Lot and the angels finished their feast and are getting ready for bed. But somehow, despite the guests’ attempt to hide their presence, the people of Sodom find out, and all of them come to siege Lot’s house. For them Lot is a criminal. They want justice.
Lot insists on inviting the messengers (or angels, as we have seen in a previous post). They accept and, not to be seen by the people of Sodom, they take the round route to Lot’s house. He offers them hospitality. Can we learn anything from the meal he prepares?
In addition to the regular blog postings, I also give online lessons. This is a video example of such a lesson in which I discuss the Story of Joseph.
During this lesson we will discover a new Joseph.
Starvation in the land of Israel drives his brothers to Egypt to buy grain. Joseph immediately recognises them. Yet they do not recognise him. All of a sudden he is flooded by his past, his suffering, his memories.
But he is no more the same arrogant young man of his youth.
Joseph has changed from an arrogant teenager to a wise, humble man
He now recognises that all comes from God. Despite his memories of his brothers’ betrayal and of his suffering during his years in the Egyptian jail, he gives his brothers a second chance.
In addition to our regular blog postings, I also give online lessons to help you gain fresh insights. This is a video example of such lesson discussing the story of Joseph, and how he turned from an arrogant, spoiled child to a humble adult who realises that all he has comes from God. His belief strengthen despite adverse circumstances in his life. Only then, was he ready to be saved and to become the second most powerful man in Egypt, second only to Pharaoh himself.
This is a story the Bible tells about a man who starts his life toiling in the fields as a farmer and ends up building a city. He calls this city after his son, and then he starts a dynasty that helps shaping human civilisation.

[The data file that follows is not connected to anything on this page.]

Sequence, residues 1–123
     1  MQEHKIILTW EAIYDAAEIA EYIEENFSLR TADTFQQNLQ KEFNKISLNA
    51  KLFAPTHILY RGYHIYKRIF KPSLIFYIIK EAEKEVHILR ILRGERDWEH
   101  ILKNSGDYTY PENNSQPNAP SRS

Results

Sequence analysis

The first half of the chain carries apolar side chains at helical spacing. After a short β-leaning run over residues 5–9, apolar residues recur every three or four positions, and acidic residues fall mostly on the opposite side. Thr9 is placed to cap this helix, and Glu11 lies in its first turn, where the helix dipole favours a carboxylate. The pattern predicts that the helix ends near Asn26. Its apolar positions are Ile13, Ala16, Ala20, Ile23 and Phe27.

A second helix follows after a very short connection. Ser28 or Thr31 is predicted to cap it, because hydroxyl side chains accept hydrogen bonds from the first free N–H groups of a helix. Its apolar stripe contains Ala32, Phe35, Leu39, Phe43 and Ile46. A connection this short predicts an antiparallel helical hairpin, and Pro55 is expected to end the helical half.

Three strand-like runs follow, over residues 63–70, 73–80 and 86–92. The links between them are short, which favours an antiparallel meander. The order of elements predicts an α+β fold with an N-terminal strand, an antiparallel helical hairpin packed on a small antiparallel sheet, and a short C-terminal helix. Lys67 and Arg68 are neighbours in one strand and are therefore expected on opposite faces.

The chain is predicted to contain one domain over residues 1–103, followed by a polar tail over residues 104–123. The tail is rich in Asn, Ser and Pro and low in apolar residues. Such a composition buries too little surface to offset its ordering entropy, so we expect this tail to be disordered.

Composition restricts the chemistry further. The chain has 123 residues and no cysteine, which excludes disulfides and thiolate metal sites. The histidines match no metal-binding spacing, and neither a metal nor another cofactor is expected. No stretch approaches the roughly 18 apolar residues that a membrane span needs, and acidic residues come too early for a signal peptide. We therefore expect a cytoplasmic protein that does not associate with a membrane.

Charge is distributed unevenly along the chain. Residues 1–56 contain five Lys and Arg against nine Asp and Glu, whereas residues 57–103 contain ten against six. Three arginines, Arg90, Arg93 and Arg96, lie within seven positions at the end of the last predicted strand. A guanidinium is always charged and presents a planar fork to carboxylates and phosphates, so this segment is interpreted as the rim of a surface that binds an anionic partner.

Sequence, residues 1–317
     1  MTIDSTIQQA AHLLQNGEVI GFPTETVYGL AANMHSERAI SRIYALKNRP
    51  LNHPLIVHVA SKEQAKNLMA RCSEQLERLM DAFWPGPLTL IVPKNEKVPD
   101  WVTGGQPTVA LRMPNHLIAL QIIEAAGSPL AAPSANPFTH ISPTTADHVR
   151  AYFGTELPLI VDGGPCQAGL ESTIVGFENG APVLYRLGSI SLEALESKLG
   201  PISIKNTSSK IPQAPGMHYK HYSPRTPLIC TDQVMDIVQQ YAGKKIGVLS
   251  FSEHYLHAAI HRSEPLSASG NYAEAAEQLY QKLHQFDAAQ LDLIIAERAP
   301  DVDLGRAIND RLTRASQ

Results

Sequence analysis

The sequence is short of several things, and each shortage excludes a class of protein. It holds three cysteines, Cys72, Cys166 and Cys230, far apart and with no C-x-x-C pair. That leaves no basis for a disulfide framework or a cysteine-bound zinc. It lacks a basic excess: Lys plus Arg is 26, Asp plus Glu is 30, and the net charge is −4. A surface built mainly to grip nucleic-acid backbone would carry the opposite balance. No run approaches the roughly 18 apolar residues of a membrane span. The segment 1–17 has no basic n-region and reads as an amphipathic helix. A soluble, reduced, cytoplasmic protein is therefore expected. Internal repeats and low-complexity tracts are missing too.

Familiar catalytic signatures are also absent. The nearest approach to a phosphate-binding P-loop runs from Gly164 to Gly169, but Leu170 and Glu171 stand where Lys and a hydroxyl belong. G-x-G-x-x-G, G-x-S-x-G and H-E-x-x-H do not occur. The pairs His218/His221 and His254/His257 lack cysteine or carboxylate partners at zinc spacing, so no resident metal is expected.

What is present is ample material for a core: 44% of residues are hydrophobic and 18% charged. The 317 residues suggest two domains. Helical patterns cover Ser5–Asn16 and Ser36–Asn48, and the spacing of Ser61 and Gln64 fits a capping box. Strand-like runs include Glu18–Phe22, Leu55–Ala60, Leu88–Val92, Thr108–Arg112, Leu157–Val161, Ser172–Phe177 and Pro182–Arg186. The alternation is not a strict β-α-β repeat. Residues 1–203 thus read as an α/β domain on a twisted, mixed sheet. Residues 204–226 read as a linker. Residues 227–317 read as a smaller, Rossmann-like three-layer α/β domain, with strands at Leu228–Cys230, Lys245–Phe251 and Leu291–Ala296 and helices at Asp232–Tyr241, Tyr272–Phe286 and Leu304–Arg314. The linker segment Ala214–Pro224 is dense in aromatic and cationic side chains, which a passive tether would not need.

What an inspiring story it can be, what an inspiration it is for anyone that is facing a major life change, to anyone who mourns what they are leaving behind, and cannot see the opportunities ahead.
Only that this story has a catch. To start his transition into the position of power, the man must first get punished for a murder. But not just of anyone. He first has to kill his own little brother.
In our previous post we discussed Genesis 4:17. We saw that Cain built a city and called it after his son, Chanoch (Enoch). But that was not the end of Cain’s dynasty. His descendants were instrumental to the evolution of human society and culture. Not bad for a person who, without the punishment for killing his brother, would have remained working the soil for the rest of his life. The question we must never forget to ask ourselves when we read the Bible is why is it telling us this story. In other words, what can we learn from it, and how it is relevant to us?
Verses 18-22 are mostly a list of births. So instead of analysing it word by word, as we normally do, I will draw it as a chart.
In Gen 4:16-17 Cain’s trial is over. He is leaving God a free man, finds a place to settle, have a son and builds a city. But what about God’s punishment? Wasn’t Cain destined to be a wanderer, a nomad forever? How can a wanderer settle and build a city? Can he defy God?
In Gen 4:14 Cain, not accepting the consequences of his action, continues to plead for leniency. This, of course, supports our understanding that in verse 13 he was complaining about his punishment, not admitting guilt. But more than that, this verse teaches us that at times of change, as bleak as our future life may seem, end of one path presents us with new opportunities, often better than those we are leaving behind.
In Genesis 4:12-13 God continues to elaborate on the consequences of Cain ’s action. This verse makes us wonder, again, if a punishment was handed by God, or is God elaborating on the consequences as a matter of cause and effect?
Cain follows with an ambiguous defence statement, which can be interpreted either as an admission of guilt, or the exact opposite.
Clearly, we cannot attribute human feelings, like anger or even love, to God. The Bible, written for people, uses the words of human emotions to describe God, knowing well that it is only for the sake of our limited human understanding. But under this limitation, was it out of anger that God confronted Cain in Genesis 4: 10 and 11? Does the text tell us who punishes Cain?